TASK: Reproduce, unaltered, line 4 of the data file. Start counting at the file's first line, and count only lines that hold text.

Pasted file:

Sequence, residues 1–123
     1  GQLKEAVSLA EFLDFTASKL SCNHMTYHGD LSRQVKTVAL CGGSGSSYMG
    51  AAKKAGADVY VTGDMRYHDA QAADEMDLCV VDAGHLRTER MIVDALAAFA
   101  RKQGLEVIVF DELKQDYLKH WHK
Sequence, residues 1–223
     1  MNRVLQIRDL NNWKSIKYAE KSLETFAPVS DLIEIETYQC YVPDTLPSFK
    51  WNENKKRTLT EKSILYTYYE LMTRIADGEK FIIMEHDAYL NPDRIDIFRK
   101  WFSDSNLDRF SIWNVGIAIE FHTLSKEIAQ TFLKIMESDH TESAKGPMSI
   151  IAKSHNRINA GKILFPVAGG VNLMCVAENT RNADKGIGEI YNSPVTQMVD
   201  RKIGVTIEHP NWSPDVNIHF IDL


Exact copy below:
   101  RKQGLEVIVF DELKQDYLKH WHK